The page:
Climate change and Australian science

Summary of Position                                                                                     

Given the risks and costs of not responding to climate change, Australia and the world must build on current commitments to rapidly reduce greenhouse gas emissions to net-zero. Rapid greenhouse gas emission reductions lessen the scale of the impacts of global warming and can save many lives and livelihoods. This would have significant benefits for human health and species, biodiversity, and present new economic opportunities.

Australia’s involvement in international climate research is necessary to ensure global climate models adequately address conditions in the Southern Hemisphere. Australia is a major contributor to southern hemisphere capacity and capability. 

Statement of Principle

Achieving net-zero emissions requires an integrated approach across all sectors of the economy and society. The natural sciences, working together with economics, social science, and the humanities, can provide for Australia an evidence-based plan for net-zero that recognises constraints and trade-offs. This is essential to identify the technologies and actions that are ready for deployment now and those which require development and present challenges for further research.

Science is essential in further understanding the drivers of climate change and informing actions to adapt to its impacts, including bushfires, droughts, and floods, and to alleviate such events.

Statement of Context

Human activities, specifically the burning of fossil fuels and the destruction of forests, are rapidly changing Earth’s climate. The atmospheric concentration of carbon dioxide has risen by more than 50% since the pre-industrial period, to levels not seen on Earth for more than 3 million years. Enhanced radiative forcing associated with the increase in greenhouse gases has led to widespread and growing impacts on natural and human systems worldwide.

The Academy’s Position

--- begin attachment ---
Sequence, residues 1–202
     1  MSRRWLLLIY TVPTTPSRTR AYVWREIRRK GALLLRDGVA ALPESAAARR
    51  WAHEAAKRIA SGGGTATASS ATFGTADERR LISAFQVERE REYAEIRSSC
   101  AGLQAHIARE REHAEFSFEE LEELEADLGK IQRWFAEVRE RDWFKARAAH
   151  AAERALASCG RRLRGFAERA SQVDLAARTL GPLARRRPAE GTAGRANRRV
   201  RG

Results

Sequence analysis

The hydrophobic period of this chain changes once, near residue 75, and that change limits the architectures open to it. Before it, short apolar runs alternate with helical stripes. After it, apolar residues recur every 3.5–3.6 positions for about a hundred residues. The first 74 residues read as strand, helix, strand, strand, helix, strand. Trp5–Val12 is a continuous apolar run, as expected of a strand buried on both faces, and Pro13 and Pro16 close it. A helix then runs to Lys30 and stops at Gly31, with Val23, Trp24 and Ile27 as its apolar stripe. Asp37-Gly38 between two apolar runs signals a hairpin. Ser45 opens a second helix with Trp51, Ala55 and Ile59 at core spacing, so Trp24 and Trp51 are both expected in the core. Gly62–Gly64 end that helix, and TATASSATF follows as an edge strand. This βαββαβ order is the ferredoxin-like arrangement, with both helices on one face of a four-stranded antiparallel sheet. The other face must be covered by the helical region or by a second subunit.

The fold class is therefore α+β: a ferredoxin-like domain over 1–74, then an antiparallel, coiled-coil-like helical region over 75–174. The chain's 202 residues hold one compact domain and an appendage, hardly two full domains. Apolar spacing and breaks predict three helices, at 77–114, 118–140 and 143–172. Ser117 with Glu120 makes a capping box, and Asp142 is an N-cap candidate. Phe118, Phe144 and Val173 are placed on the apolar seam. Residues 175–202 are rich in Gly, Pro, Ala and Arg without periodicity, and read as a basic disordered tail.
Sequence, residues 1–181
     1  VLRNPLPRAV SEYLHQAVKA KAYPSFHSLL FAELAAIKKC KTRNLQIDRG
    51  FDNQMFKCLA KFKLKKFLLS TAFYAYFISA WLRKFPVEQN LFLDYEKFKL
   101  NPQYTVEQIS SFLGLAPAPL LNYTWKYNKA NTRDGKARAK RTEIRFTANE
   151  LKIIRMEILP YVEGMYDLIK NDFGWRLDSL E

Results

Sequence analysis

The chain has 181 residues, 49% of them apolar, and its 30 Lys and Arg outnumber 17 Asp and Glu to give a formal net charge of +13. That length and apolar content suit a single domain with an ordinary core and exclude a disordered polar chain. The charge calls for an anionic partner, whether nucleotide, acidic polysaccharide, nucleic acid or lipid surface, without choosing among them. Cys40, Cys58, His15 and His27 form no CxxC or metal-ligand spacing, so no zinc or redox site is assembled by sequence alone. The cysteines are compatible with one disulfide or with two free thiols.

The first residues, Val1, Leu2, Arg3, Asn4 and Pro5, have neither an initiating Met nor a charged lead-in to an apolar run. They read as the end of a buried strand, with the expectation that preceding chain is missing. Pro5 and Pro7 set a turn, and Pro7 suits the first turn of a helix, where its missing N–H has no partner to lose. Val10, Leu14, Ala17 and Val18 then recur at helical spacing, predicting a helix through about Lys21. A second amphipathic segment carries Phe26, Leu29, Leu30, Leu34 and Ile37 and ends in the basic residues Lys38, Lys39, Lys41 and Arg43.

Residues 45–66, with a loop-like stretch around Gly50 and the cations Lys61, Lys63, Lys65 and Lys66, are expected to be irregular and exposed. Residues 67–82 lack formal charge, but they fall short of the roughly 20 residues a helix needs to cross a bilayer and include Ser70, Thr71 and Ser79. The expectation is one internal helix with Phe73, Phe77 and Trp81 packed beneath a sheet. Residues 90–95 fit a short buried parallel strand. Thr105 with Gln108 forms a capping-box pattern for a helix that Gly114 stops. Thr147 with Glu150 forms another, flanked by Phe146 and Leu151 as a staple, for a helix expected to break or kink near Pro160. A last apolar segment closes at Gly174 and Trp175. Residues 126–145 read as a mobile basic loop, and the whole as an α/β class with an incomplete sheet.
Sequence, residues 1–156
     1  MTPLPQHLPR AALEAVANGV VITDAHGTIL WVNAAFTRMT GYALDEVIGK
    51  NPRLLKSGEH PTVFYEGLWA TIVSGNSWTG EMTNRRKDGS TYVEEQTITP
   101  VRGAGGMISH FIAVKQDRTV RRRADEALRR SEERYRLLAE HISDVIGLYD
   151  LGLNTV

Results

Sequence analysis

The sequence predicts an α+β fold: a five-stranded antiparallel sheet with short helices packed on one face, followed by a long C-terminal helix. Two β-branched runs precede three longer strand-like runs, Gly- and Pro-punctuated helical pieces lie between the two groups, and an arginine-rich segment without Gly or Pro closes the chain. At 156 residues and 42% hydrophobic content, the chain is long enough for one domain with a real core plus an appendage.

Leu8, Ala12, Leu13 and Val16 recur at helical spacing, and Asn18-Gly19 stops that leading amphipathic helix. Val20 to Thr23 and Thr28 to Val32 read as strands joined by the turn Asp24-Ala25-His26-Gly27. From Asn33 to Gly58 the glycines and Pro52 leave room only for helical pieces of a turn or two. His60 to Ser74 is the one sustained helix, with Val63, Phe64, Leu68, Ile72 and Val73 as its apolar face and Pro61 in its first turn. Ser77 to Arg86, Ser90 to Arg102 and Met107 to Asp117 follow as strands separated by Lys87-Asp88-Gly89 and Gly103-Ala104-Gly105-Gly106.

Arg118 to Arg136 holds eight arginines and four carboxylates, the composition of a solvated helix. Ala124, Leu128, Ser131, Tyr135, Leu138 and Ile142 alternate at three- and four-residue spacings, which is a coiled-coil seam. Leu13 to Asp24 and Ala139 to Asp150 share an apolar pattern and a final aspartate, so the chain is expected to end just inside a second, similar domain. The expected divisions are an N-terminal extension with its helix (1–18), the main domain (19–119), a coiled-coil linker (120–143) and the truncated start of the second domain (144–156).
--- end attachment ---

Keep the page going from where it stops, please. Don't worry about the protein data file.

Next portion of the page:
Climate change impacts are and will continue to be widespread.

Australia is extremely vulnerable to the impacts of global warming. Recent events - such as the summer bushfires of 2019–20 or severe coral bleaching events in the shallow waters of the Great Barrier Reef - demonstrate some of the consequences of a warming planet for Australia’s people, economy, and environment.

Multiple lines of evidence show that the incidence of extreme weather events is increasing as the planet warms. Such events are a natural feature of the climate system, but there is strong evidence that many of them, such as land heatwaves, bushfires, storms, and coastal flooding, have become more frequent and intense in recent times.

These extremes and their associated risks will escalate further as global temperatures continue to rise and our capacity to respond becomes compromised as the frequency increases.

Well designed, planned, and managed climate mitigation and adaptation solutions offer synergies with the UN’s Sustainable Development Goals. These go beyond climate action and include ensuring food and water security, maintaining health, protecting life on land and below water, reducing poverty and inequality, and importantly, ensuring access to affordable, reliable, and sustainable energy for all, where the cost of carbon is recognised.

To achieve these aims, social understanding and transformation are crucial and must work hand in hand with developments in technology. Reducing and mitigating climate change will require cross-sectoral solutions built on integrated Earth system thinking, that includes the impact of human population trends, inequality, and socioeconomic inequity. 

The Academy:

  1. Declares that human activities, specifically the burning of fossil fuels and the destruction of forests, are rapidly changing Earth’s climate
  2. Supports strategies to move rapidly towards net-zero greenhouse gas emissions and to scale up the development and implementation of next-generation low to zero greenhouse gas technologies; and to meet the challenges of extreme events that are increasing in intensity, frequency, and scale.
  3. Calls for continued improvement in our understanding of global climate change and climate impacts, including tipping points, as well as the compounding effects of multiple stressors at global warming of 2°C or more; and calls to further improve our understanding of the impacts of climate change on domains including human health, food production, water security, marine ecosystems, and coastlines.
  4. Maintains that policies to address the impacts of climate change must be informed by the best available scientific evidence, monitoring and evaluation.

Australia has some of the largest sphere of climate science operations in the Southern Hemisphere in a range of domains.  Australia’s involvement in international climate research is necessary to ensure global climate models adequately address the climate in the Southern Hemisphere. 

Statement of Authorisation

This position paper was subject to expert review by the Australian Academy of Science and was endorsed by the Academy Council at its meeting of 7 October 2021.

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